Dual-mobility constructs have been shown to significantly and substantially decrease dislocations after revision total hip arthroplasty (THA). The authors have previously shown that dual-mobility (DM) constructs are cost-effective given their ability to decrease dislocations and re-revision for dislocation. The goal was to report the costs of DM and large femoral head (LFH) constructs in revision THAs from a European health care payer perspective. A Markov model was constructed to analyze the costs incurred by payers in the United Kingdom, Germany, Italy, and Spain over 3 years in revision THAs with DM or LFH constructs. Model states and probabilities were derived from prospectively collected registry data in 302 patients who underwent revision THA with a DM or 40-mm LFH construct and were then mapped to corresponding procedural reimbursement codes and tariffs for each country. Costs were weighted average national payments for reintervention procedures performed in the 3 years following revision THA. Probabilistic sensitivity analysis examined the effect of combined uncertainty across all model parameters. During a 3-year period following revision THA, reintervention rates were 9% for DM constructs and 19% for LFH constructs (P=.01). Comparing DM and LFH constructs, cumulative incremental costs over 3-years' follow-up were £428 vs £1447 in the United Kingdom, euro 451 vs euro 1272 in Germany, euro 540 vs euro 1425 in Italy, and euro 523 vs euro 1562 in Spain, respectively. At mid-term follow-up, DM constructs used in revision THAs were associated with a significantly lower risk of reintervention, which translated to lower health care payer costs compared with LFH constructs among European health care payers.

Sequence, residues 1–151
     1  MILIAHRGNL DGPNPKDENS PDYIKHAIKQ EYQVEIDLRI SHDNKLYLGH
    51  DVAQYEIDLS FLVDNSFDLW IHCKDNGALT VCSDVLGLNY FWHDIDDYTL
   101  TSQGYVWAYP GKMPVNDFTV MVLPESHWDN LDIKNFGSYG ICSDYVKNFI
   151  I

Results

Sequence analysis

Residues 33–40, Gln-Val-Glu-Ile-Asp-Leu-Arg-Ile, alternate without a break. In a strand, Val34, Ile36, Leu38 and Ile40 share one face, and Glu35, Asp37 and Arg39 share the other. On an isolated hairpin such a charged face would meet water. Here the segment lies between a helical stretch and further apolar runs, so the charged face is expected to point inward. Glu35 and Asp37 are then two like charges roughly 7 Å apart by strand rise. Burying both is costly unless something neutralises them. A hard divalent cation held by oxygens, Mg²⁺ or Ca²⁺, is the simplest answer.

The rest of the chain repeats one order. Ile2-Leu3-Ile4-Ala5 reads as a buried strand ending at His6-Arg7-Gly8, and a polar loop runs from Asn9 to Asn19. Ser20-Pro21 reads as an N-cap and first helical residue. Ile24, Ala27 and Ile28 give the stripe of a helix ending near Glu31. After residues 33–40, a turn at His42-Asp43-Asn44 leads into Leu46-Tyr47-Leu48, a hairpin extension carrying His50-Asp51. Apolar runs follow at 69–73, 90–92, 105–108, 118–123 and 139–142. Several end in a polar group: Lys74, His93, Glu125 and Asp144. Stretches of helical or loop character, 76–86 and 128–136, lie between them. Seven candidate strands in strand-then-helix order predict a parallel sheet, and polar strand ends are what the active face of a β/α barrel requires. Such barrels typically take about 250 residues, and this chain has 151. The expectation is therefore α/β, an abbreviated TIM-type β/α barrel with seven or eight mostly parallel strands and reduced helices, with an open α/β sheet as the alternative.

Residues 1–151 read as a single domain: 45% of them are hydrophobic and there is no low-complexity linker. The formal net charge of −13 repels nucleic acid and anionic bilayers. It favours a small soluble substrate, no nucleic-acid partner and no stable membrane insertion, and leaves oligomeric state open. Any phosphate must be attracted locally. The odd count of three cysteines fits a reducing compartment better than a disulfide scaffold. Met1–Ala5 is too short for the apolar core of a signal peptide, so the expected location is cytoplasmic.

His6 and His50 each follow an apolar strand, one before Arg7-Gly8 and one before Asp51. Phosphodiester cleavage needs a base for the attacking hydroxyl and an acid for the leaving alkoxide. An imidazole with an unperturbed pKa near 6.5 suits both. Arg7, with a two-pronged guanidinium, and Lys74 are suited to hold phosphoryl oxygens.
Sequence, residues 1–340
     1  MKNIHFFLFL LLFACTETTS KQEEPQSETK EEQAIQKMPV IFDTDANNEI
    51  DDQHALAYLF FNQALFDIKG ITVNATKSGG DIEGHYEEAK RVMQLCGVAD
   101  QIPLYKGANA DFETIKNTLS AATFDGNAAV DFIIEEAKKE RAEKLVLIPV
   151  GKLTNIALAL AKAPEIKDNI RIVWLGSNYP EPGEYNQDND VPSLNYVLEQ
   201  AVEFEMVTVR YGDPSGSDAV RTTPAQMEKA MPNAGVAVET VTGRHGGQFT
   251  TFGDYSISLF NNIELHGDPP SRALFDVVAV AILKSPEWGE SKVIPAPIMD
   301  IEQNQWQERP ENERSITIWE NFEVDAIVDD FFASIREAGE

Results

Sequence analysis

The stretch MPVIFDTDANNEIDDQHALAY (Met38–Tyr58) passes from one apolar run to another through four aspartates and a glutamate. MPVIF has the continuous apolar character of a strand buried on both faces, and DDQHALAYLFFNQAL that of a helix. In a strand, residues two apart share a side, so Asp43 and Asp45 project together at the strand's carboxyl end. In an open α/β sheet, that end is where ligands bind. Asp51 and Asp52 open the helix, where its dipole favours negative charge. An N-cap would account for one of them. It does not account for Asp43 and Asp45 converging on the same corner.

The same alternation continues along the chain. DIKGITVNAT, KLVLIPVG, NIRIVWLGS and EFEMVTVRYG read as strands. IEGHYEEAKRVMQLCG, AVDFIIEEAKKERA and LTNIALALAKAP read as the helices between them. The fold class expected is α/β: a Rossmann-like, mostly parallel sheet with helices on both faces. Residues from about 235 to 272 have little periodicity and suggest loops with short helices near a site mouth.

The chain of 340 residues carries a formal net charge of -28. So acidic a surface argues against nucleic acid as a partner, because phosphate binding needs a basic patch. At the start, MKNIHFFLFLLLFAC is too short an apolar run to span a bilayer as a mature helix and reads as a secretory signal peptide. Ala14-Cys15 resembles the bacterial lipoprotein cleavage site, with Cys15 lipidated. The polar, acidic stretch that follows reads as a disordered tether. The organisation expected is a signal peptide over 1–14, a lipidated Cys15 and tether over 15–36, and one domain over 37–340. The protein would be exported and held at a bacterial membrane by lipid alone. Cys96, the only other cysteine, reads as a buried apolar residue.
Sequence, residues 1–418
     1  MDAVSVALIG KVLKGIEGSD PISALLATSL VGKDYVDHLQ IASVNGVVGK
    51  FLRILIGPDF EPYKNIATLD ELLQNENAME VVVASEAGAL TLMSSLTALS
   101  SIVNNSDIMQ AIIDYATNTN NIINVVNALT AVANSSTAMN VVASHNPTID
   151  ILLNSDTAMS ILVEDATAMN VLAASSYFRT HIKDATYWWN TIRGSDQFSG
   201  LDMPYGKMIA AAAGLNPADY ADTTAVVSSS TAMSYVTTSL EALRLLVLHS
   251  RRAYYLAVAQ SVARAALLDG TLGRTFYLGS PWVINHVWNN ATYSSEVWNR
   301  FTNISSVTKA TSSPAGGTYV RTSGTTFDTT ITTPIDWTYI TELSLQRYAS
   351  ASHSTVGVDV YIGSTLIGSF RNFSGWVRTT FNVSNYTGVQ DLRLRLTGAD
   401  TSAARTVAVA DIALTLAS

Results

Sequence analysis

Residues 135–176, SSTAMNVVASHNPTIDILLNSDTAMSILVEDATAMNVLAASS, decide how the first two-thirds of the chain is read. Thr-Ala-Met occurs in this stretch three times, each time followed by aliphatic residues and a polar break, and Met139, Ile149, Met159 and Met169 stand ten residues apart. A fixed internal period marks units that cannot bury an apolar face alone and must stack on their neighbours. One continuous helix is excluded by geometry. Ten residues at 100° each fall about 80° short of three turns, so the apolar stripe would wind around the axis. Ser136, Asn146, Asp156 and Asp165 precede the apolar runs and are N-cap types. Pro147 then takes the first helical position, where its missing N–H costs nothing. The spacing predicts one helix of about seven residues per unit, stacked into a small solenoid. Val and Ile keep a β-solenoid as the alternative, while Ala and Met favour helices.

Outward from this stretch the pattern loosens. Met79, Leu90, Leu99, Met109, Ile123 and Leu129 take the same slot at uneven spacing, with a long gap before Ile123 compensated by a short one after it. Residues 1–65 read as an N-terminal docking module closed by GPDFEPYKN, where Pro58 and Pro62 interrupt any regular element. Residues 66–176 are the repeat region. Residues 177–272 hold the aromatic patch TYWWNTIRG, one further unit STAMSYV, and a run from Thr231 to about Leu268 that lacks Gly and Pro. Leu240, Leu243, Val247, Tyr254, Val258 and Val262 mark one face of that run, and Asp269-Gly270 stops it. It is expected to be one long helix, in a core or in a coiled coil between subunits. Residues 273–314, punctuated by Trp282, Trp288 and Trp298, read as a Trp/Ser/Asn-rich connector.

ASJC Scopus subject areas
- Orthopedics and Sports Medicine